Recent volatility within the investment markets has provoked volatility within investment forecasts, and vice versa. To drown out the noise, investors need to get back to basics. The most influential force on investment markets is the trajectory of the US economy. Knowing if the US economy will expand or contract in any given year amounts to knowing which way the market will go. With all the newfound fears of runaway inflation, surging interest rates, historic fiscal tightening, and cold war geopolitical risks, has this economic cycle begun a terminal descent, or will structural tailwinds keep recession at bay? If you want to know what the markets will do in 2022, you must first answer a most basic question… are we headed for recession?
After smooth sailing in 2021, the recent market volatility has astute investors reopening their economic textbooks. The economic headlines do feel extreme: 7% inflation with 1.9% Interest rates, 6.9% GDP growth vs. 2% GDP growth potential, 25% corporate earnings despite 5.7% wage gains. Many of these numbers seem mismatched, making for volatile markets and volatile commentary. Further complicating matters, Jerome Powell and the Fed have completely flipped from super “we want inflation” doves to super “we want disinflation” hawks. Lastly, markets have pivoted from being highly correlated to loosely correlated, with powerful rotations, sector dispersions, and outsized moves on individual securities. If you are feeling a bit seasick to begin the year, you are not alone. However, when establishing investment expectations for 2022, the right question to ask is not “how many times will the Fed raise rates”, or “how high will the 10-year Treasury yield go”, or “will a skinny Build Back Better legislation pass the Senate”? If you want to know whether market returns will be positive or negative in any given year, simply ask… “are we heading into a recession”?
January Reality Below Expectations
The Atlanta Fed publishes a real-time GDP forecast titled GDPNow. Its current forecast for first-quarter GDP growth is .1% versus the Blue Chip Economist’s estimates of over 3%. This has created some banter around recession risks on the year. Relatedly, the Economic Surprise Index, which measures whether economic reports meet, exceed, or fall short of expectations, has recently turned negative as seen below:
However, just because reports come in below expectations does not make them negative. As you can see, the Economic Surprise Index regularly oscillates between positive and negative readings. Furthermore, the Delta wave disrupted the economy in the third quarter of 2021, pressing GDP down to 2.3% from its 6%+ run rate. Likewise, the Omicron wave has suppressed January 2022 GDP given its even higher case counts and quarantines. However, we expect the Omicron disruption will pass much like the Delta disruption passed so we rely on more farsighted economic indicators for direction.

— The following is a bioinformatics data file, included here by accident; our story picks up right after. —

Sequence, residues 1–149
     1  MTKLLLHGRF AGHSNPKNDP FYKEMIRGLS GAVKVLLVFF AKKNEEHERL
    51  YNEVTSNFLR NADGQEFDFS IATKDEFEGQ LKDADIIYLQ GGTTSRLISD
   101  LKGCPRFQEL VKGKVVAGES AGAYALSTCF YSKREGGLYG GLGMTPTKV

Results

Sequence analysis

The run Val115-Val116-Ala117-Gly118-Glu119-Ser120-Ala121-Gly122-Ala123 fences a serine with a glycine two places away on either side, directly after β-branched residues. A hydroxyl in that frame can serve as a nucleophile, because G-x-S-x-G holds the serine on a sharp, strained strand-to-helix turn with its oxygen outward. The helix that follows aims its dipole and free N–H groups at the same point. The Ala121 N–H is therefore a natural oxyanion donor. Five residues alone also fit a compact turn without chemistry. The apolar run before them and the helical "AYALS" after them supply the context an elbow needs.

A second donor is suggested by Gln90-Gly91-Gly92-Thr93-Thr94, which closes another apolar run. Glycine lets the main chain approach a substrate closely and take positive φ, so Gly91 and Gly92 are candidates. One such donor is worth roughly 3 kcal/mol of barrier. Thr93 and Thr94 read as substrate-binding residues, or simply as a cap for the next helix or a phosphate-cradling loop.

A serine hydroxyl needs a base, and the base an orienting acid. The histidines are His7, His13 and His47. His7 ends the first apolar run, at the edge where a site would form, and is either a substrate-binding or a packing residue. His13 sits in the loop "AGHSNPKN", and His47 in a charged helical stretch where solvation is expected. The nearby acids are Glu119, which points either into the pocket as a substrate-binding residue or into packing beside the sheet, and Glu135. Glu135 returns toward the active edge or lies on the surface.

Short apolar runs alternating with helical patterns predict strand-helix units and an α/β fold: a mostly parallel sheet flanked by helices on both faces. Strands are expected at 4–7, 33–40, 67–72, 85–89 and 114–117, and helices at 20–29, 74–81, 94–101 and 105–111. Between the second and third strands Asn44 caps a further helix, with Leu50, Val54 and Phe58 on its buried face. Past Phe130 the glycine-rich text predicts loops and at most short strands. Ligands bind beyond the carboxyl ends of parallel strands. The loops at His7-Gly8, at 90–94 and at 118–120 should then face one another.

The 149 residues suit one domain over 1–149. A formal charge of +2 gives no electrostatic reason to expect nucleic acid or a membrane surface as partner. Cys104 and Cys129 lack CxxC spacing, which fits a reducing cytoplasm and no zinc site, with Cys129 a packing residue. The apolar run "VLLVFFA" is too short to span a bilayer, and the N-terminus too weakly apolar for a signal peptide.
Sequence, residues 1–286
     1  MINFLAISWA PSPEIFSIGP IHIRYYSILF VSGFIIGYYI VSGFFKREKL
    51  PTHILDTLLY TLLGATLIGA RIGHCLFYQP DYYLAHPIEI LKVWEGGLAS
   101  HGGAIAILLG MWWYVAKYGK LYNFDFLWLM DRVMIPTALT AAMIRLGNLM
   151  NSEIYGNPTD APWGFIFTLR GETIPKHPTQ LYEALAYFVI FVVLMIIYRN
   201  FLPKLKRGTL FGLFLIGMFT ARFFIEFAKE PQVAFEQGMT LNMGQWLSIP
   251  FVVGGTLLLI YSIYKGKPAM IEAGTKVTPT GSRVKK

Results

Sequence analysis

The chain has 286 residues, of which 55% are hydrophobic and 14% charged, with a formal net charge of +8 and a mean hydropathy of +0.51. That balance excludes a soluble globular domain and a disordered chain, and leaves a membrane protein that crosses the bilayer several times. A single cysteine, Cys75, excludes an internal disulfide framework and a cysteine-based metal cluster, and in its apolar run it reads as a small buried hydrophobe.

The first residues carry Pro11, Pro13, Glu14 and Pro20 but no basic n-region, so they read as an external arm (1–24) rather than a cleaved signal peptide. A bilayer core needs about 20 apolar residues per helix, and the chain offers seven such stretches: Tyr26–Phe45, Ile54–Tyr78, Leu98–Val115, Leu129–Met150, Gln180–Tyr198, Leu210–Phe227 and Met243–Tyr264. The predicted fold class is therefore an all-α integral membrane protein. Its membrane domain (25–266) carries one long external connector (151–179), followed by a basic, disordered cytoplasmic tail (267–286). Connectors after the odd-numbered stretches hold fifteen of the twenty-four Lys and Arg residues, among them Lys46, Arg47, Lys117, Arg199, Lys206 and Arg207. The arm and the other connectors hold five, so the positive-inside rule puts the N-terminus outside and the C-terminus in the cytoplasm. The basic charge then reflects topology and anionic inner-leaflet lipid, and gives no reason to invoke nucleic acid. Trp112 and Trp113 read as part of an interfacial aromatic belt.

Follow the Lead
Each month, the Conference Board produces its index of leading economic indicators. The index follows 10 economic indicators and attributes the largest weightings to employment, monetary, and purchasing manager activities (movements in the S&P 500 only account for 3% of index weightings). Here is the current reading from the Conference Board’s Index of Leading Economic Indicators with recessions highlighted (we refer to the six-month moving average to smooth out variations):
Note that the current reading of 5.3% registers at the top-end of the range going all the way back to 1960. This suggests robust economic growth ahead. Also note that the indicator has a very strong track record for forecasting recessions in advance. Those of you following our commentaries in 2019 will recall that the swift decline in the index toward zero put us on recession watch and led us to apply hedges to our portfolios. Based upon the current readings, we see no such need. The index clearly signals robust economic conditions ahead.
Mind the Curve
We also closely follow the shape of the interest rate curve as a recession harbinger. When long-term interest rates fall below short-term interest rates, banks lose the incentive to lend because they pay more on deposits than they make on loans. Since capital is oxygen for the economy, any reduction in capital leads to a corresponding reduction in economic activity. While the Fed has talked about raising rates, they haven’t yet, placing the slope of the yield curve in squarely positive territory:
Recognize that the recent increase in longer term interest rates has actually improved the slope of the curve. This technically improves the economic outlook because banks have even more incentive to lend. Some forecasters prefer the 10-year minus 2-year curve given the “assumption” of rate hikes inherent in the 2-year yield. This curve shows some current risk of inverting. However, given our assumption that the Fed’s bark will be worse than its bite, the 2-year curve may overestimate the path for rate hikes and therefore understate its slope. Nonetheless, both yield curves are positive, leading the New York Fed’s own recession forecasters to assign low probabilities of near-term recession:
Given our working assumption that 2022 will not usher in a recession, equity investors should feel encouraged. Stock returns strongly correlate with corporate earnings and corporate earnings strongly correlate with economic growth. According to KKR’s Investment Strategy Group, since 1945 the S&P 500 has risen 88% of the time during years of economic expansion. Therefore, for the pessimists, markets have fallen 12% of the time during economic expansions, but only 4% of those declines exceeded 10%. So, losses in a rising economy are possible. They are just not probable. And when they occur, they are usually small.
Have a great Sunday!
David S. Waddell
CEO, Chief Investment Strategist